Technology Tip of the Month
September, 1996: Innovative Introductions
by Deborah Healey
September and time for new classes. We all generally begin with having
students introduce themselves to build class cohesion when starting a
new school term. It works to go around the room and have each student
stand up, say his or her name, and give a few salient features. However,
the technology-enhanced classroom can offer much more variety--and make
names more memorable--than just reciting and listening.
The Tech Tip this month will offer some suggestions, starting
with ones that require the least in terms of technology and going on
This approach offers some focused listening practice and would
especially appeal to learners from oral cultures. It is also helpful in
monolingual classes; speaking into the tape in English makes more sense
than speaking in a foreign language directly to
someone who shares your language. Each person can record a description
of him/herself onto audiotape. Depending on the learners' proficiency
level, the description can be a very short one--perhaps just name and
major interest--or a longer physical description without the name given.
Students can be doing the audiotaping while class is going on or during
The class listens to each description and tries to identify the speaker.
The person guessed might be asked to repeat part of the description
rather than just saying "Yes" or "No," giving another opportunity for
the class to match a voice to a face and name.
If the class
camcorder available, students can record themselves on videotape. If the
video is played back with the monitor turned off, the activity works
like the audiotape exercise described above. An alternative is to have
the monitor facing only one person; that student must describe the
person on the videotape so that others in the class can identify him or
her. The video can be played with the sound on, giving more clues, or
with the sound off.
An advantage to video over audiotape is that the teacher can also use
the tape to help learn students' names. For that purpose, make sure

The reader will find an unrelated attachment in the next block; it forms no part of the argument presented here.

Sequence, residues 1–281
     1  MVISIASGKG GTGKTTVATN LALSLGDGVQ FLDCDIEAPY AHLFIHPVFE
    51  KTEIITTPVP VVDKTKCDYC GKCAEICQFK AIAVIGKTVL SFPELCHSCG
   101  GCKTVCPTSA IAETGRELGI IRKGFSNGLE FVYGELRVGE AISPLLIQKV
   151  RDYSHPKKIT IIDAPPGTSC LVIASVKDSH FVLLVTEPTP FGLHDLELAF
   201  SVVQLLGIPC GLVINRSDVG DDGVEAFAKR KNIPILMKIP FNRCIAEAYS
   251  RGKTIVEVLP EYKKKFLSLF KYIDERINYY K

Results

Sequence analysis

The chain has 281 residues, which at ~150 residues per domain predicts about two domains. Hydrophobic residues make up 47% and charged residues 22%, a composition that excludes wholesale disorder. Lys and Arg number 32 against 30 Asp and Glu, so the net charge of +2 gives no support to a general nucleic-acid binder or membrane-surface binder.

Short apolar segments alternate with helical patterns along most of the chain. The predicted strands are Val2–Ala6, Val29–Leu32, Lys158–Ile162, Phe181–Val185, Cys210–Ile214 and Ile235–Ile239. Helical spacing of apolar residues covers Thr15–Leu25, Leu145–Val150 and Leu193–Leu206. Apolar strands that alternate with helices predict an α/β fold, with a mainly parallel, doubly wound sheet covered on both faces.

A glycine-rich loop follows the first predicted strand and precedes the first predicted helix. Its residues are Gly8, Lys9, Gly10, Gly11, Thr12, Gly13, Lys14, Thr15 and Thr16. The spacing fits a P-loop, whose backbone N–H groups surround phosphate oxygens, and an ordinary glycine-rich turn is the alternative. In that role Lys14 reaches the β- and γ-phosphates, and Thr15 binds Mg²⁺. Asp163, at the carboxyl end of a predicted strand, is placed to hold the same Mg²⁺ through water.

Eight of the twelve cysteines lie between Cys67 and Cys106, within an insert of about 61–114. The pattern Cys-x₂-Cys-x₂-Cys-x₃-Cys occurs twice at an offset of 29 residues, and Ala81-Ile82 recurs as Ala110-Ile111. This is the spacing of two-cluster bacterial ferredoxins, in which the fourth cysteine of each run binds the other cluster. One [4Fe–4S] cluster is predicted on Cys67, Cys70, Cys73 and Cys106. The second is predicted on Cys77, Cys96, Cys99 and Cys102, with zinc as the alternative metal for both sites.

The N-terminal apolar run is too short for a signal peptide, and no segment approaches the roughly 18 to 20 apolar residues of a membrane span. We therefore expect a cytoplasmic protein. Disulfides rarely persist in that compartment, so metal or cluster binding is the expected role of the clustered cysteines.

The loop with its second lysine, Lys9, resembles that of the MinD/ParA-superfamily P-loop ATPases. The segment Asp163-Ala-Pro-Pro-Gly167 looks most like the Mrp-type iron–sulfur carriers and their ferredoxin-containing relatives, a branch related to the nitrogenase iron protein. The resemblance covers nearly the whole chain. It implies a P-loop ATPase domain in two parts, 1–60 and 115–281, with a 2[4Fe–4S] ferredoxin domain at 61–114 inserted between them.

students say their names on the tape.
With a computer in the picture, more activities are possible. E-mail and
MOO options help visual-textual learners remember better; digitizing can
appeal to both visual-graphical and visual-textual learners when images
are accompanied by text. More on each of these options is below.
Students can compose a paragraph about themselves to send to their
classmates via e-mail. With some systems, the person's name is not
evident from the e-mail address, making identification more of a puzzle
unless students include their name in the e-mail
message. Students can also store the information about their classmates
easily for future reference.
One of the opening day activities I've used in a classroom with e-mail
access is to have students go around the room adding their names and
e-mail addresses to each person's address book. It makes for an active
class, especially as students try to figure
out if they have the name and address for everyone in the class.
MOO or CHAT
MOO stands for 'Multi-user Object Oriented environment' (or
'dimension/dungeon,' reflecting its origins in the adventure
game-playing world). CHAT is a program used to connect to a 'Chat room.'
A MOO such as SchMOOze University (1) and a Chat room (2) offer an
online location that learners can connect to via the Internet, then use
for real-time discussions. A MOO and a Chat room are quite similar,
except that the MOO adds the ability to move to various locations, each
with its own description and possible activities.
Generally speaking, both a MOO and a Chat room are public places,
meaning that anyone who knows the location can connect. They are also
anonymous; people can connect with pseudonyms. These are strengths in
that the interaction is authentic--learners don't